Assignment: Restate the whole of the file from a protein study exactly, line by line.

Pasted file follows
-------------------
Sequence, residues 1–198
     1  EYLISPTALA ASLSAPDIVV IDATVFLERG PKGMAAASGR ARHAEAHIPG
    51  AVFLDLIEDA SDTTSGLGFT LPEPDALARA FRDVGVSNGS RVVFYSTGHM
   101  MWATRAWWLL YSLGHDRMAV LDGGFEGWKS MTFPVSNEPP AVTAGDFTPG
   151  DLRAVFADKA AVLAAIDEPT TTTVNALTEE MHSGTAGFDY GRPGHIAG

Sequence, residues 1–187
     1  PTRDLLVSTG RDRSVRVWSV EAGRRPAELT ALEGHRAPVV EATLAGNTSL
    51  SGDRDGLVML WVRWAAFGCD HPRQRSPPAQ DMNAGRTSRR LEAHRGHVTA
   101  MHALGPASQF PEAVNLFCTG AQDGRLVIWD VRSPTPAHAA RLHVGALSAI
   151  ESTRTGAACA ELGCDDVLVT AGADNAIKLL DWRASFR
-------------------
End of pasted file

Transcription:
Sequence, residues 1–198
     1  EYLISPTALA ASLSAPDIVV IDATVFLERG PKGMAAASGR ARHAEAHIPG
    51  AVFLDLIEDA SDTTSGLGFT LPEPDALARA FRDVGVSNGS RVVFYSTGHM
   101  MWATRAWWLL YSLGHDRMAV LDGGFEGWKS MTFPVSNEPP AVTAGDFTPG
   151  DLRAVFADKA AVLAAIDEPT TTTVNALTEE MHSGTAGFDY GRPGHIAG

Sequence, residues 1–187
     1  PTRDLLVSTG RDRSVRVWSV EAGRRPAELT ALEGHRAPVV EATLAGNTSL
    51  SGDRDGLVML WVRWAAFGCD HPRQRSPPAQ DMNAGRTSRR LEAHRGHVTA
   101  MHALGPASQF PEAVNLFCTG AQDGRLVIWD VRSPTPAHAA RLHVGALSAI
   151  ESTRTGAACA ELGCDDVLVT AGADNAIKLL DWRASFR